Yet then, all I need to see are little tidbits like the sign I saw Sunday outside a restaurant seeking workers to be reminded that every time we see an Equipo Mexico win, it upsets the sensibilities of so many in our society.
PARTICULARLY THOSE WHO think they’re offending us when they go out in public wearing their ridiculous red “Make America Great Again” caps.
The fact that Mexico pulled off a shocking 1-0 victory over the German national team on Sunday (Germany is actually the defending World Cup champion, and so many Anglo pundits were determined to believe that Mexico was unworthy of a spot on the same pitch with Die Manschaft) was my ethnic brethren’s way of saying “Drop Dead!” to the nitwits who probably see nothing wrong with The Sign.
Which, I must admit, my father was the first to notice. We went out for a Father’s Day dinner (we all wanted a hearty meal, but nobody wanted to cook in Sunday’s excessive heat), and as we left, he pointed out what he termed a racist sign.
For the restaurant in question had two signs on their window – one in English and the other in Spanish. The English sign was a properly printed poster seeking a need for people to work in jobs as cashiers and counter-help.
THE SIGN EN Español was a makeshift thing that expressed a need for trabajador para lavaplatos. As in dishwashers. As in back-in-the-kitchen and out of sight of paying customers. Implying that such people wouldn’t be bright enough to speak English.
Although I’d wonder if there’s really an intelligence level between up-front and behind-the-scenes workers when it comes to a restaurant employee pulling minimum wage-or-less (and counting on a share of tips to make up the difference).
In the overall scheme of things, this is a lesser snub. It is almost laughable that anybody who thinks in such a way would be capable of running a business that doesn’t immediately delve into bankruptcy.
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But then again, I still had the after-glow of watching the Mexico victory over Germany just a few hours earlier on Sunday. And in seeing that moment when television cameras panned over to the faces of German fans in shock that they had actually lost to “Me-xi-co! Me-xi-co!”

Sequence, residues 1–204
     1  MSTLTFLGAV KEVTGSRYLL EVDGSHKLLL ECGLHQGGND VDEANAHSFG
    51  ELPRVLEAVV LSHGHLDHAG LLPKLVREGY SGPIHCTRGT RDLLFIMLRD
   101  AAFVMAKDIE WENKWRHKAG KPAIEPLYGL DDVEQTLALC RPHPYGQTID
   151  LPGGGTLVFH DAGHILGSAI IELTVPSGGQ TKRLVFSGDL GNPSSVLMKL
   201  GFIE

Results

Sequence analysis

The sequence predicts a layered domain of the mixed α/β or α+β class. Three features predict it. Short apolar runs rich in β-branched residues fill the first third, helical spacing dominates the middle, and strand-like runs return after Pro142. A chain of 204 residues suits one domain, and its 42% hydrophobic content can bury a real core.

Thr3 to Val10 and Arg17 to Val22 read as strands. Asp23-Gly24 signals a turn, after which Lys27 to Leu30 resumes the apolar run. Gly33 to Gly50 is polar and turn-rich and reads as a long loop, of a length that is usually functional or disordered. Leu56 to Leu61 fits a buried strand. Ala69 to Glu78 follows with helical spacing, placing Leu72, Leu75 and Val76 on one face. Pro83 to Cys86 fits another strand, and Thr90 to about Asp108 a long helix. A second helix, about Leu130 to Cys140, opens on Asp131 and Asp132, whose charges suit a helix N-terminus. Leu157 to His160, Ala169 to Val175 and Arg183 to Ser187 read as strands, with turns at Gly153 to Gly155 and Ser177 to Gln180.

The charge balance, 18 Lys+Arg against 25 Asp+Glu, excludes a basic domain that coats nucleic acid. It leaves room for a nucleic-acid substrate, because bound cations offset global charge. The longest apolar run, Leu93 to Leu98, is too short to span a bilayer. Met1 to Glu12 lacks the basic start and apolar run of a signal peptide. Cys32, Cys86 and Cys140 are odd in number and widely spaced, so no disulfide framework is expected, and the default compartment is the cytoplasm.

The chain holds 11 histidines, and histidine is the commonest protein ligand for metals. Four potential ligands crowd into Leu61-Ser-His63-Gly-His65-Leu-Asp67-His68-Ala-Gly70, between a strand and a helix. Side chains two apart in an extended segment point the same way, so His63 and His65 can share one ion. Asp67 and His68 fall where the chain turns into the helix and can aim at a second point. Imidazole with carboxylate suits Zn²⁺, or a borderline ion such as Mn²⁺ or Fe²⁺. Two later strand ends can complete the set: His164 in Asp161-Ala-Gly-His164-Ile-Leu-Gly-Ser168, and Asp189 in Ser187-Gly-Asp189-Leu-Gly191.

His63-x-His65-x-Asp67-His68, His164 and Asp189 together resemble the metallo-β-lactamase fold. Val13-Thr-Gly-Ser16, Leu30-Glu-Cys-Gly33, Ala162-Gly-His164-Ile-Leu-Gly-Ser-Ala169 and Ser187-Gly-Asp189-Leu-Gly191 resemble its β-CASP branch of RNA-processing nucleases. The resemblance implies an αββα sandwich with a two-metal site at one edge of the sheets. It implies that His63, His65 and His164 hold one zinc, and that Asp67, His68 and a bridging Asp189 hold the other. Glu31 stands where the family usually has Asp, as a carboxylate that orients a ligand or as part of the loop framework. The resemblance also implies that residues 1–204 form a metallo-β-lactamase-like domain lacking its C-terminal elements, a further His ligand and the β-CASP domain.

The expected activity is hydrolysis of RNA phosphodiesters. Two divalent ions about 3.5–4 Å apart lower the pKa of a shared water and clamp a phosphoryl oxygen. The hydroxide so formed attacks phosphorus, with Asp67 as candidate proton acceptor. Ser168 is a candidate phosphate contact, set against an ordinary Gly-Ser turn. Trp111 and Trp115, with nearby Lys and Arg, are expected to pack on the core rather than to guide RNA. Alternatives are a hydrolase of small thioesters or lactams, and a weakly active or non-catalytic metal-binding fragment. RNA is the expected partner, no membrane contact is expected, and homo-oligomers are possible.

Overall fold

ONE THAT I watched largely on the Spanish-language Telemundo network broadcasts. I tried watching the Fox Sports 1 English-language broadcast, but quickly found it annoying to hear announcers complaining that the Mexican fans who made the trip to Moscow to watch their team in the World Cup managed to sing their national anthem in a louder, more boisterous manner than the German fans.
Almost implying that Mexican fans should be meek and accept their eventual defeat. Which didn’t happen, and which gave many people of Mexican ethnic origins a moment of joy.
Particularly in Mexico City, where seismic sensors detected a small earthquake – albeit of man-made causes, in the federal district. Which, coincidentally, matched up with the exact minute when Hirving “Chucky” Lozano scored the Sunday match’s lone goal in the 35th minute.
Chicago Cubs fans love to think the whole world was all worked up when they had their post-World Series victory parade to Millennium Park. Yet not even they managed to create a seismic disturbance of the likes we saw Sunday.I DO HAVE to admit one thing – I wasn’t alone on Sunday. I noticed while trying to order food a family – of whom the mother and three sons were all clad in various jerseys of the Mexican national team.
It has me thinking I’m going to have to go out and get myself an El Tri jersey – although I’m still trying to figure out which design I like the most.
Although I also have to confess it wasn’t a complete picture; the father/husband figure of the family?
He apparently is still living in the past of 2016 – he was wearing a Chicago Cubs jersey! I’d like to think the rest of his family was ashamed to be seen in public with him.